Name: Annie Kazarjan
Affiliation and position: Hungarian Helsinki Committee, legal officer
Panel: The future of the Moon Agreement
Why is the Future of the Moon Agreement Emergent?
It has been concluded in many occasions that, the true test of the Moon Agreement both as treaty and customary law will come only when the exploration of extraterritorial resources becomes technically and economically feasible. The author of this Abstract however argues that there is already an urgent need for palpable international reaction and prevention to the tendency of unilateral legislation and act of space powers.
The United States in 2015 guaranteed through its Commercial Space Launch Competitiveness Act (CSLCA) to its private companies the right to own, sell, and profit from sources extracted from asteroids and other celestial bodies. Following the US precedent, in August 2017, Luxembourg became the first European state to officially allow commercial groups based within the country to appropriate space resources. If the two countries’ universally unregulated venture is successful, they would not only potentially violate various international treaties, but may also widen the inequality gap between the developed and the less competent nations, and would also enhance unlimited contamination of space.
By now, it is clear that in order to boost inevitable space exploration, development, and appropriation, a well-elaborated and universally institutionalized regulation is needed. Although the multilateral approach might not be in the interest of space-faring countries and their associations, they should learn from past experiences that individual interest does not suffice in the long term. Negligent refusal of the Moon Treaty is very likely to result with the rise of conflicts among unilateral space actors due to the rush for space mining.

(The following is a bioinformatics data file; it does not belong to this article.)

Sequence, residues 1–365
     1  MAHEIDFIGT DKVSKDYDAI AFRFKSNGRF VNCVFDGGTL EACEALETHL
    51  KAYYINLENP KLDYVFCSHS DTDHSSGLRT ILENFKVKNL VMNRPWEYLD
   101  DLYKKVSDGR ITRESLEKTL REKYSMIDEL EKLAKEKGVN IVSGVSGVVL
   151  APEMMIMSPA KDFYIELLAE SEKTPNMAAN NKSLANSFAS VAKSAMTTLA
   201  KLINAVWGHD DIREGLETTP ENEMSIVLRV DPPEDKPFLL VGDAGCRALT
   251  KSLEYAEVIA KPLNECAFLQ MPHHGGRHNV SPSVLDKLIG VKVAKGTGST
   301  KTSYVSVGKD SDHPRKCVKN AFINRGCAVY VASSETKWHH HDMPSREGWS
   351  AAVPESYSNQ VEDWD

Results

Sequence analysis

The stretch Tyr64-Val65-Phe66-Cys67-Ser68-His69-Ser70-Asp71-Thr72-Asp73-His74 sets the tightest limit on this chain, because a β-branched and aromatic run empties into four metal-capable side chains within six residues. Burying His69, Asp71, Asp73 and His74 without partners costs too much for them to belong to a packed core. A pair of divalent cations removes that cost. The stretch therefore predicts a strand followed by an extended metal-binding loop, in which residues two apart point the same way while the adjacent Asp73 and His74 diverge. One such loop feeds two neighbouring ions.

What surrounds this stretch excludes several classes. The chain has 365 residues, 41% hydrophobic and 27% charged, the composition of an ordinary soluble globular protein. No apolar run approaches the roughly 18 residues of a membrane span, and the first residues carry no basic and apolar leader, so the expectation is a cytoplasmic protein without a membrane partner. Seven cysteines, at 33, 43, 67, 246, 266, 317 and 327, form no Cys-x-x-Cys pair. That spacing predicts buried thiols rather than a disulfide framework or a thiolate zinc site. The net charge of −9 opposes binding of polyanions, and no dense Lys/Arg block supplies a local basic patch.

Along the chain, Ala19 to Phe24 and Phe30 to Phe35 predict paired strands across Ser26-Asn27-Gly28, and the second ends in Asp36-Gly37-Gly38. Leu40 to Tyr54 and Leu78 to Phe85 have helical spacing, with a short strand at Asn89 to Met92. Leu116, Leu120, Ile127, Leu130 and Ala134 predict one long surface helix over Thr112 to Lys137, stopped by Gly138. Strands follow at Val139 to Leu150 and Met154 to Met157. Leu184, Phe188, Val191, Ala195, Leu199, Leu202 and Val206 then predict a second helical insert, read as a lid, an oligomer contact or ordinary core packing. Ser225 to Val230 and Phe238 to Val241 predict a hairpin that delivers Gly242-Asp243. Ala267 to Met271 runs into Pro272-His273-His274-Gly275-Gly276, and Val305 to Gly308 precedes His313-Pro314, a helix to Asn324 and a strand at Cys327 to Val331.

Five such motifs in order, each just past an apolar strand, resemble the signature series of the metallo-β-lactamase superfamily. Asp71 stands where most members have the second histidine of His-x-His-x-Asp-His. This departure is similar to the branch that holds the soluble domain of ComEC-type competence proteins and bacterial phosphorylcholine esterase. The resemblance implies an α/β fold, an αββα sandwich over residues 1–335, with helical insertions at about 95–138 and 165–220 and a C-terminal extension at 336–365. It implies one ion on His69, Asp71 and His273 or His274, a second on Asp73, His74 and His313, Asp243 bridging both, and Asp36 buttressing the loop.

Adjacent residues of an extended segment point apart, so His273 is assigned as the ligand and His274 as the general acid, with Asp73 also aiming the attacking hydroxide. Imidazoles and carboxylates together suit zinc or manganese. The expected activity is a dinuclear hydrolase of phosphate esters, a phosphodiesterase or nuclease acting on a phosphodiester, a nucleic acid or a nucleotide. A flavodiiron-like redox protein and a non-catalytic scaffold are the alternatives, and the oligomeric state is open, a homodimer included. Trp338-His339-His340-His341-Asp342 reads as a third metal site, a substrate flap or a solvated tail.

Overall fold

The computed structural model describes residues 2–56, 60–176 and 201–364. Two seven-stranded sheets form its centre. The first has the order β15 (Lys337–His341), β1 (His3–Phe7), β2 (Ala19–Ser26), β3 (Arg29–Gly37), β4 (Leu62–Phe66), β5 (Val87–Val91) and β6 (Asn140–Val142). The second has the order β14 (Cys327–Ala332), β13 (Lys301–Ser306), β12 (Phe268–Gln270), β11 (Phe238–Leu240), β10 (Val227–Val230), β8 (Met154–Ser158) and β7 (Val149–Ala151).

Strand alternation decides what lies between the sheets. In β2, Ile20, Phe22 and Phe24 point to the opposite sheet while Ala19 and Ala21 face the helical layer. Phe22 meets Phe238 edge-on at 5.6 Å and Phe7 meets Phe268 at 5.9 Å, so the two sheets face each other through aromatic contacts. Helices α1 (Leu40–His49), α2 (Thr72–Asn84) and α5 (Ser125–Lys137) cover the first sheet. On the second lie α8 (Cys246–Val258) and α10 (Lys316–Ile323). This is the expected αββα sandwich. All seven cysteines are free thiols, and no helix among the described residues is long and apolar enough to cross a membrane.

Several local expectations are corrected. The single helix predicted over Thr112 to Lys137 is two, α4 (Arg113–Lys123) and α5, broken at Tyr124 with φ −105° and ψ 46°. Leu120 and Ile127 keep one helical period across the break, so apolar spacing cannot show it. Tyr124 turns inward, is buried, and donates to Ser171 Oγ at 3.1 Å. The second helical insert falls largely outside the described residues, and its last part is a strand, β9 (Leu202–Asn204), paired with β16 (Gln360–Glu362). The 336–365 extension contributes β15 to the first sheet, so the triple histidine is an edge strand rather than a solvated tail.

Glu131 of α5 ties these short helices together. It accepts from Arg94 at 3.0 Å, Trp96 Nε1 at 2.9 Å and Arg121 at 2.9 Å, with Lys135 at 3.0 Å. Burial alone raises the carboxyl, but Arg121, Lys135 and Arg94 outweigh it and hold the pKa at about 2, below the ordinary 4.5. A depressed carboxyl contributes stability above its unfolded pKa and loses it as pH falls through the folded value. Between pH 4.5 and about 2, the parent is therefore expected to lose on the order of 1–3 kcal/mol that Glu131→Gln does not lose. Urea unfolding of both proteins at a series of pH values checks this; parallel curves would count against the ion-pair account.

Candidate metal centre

Under Article 11 of the Moon Treaty − when it is feasible − for the sake of exploitation of the natural resources of the Moon and other celestial bodies, an international regime shall be established. Nonetheless, the specific norms on the creation and management of the international regime was not stated within the Moon Treaty, since about 40 years ago − when the Moon Treaty was adopted by the General Assembly, space exploitation was still implausible. Needless to say, the trend of unilateral space legislations, the continuous news on technological space developments, achievements, and further aspirations − these imminent signs should all indicate that exploitation of natural resources of celestial bodies is upon us, and if we fail to act collectively and promptly for the sake of mankind, we may come to the same fate as it has been happening with the environment of the Earth due to our inaction or late reaction (through set of non-binding guidelines, principles and standards).
In order to ensure global space development, – the author asserts –, the US space appropriation hegemony with its CSLCA Treaty is needed to be balanced, by making the Moon Treaty appealing to other space powers (such as China, Russia, Japan, etc.). In addition, the Moon Treaty should be more explicit with regards to the international regime and its connection to the common heritage of mankind principle, which should be effectuated through the Treaty’s consensual alteration or through lex specialis legislation. For further clarification, practical potential measures (ie. The International Seabed Authority, International Tribunal for the Law of the Sea) can be incorporated from the 1982 Law of the Sea Convention. These measures would not only make space activities transparent and foreseeable, but it would also restore confidence in the Moon Agreement and therefore in the efficiency of multilateral cooperation for the sake of the immediate future.